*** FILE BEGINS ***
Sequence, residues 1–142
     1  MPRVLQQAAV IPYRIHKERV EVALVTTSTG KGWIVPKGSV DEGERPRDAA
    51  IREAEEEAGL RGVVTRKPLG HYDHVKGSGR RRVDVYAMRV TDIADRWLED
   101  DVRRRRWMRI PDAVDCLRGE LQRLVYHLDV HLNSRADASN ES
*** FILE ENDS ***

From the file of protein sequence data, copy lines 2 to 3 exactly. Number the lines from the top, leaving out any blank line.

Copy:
     1  MPRVLQQAAV IPYRIHKERV EVALVTTSTG KGWIVPKGSV DEGERPRDAA
    51  IREAEEEAGL RGVVTRKPLG HYDHVKGSGR RRVDVYAMRV TDIADRWLED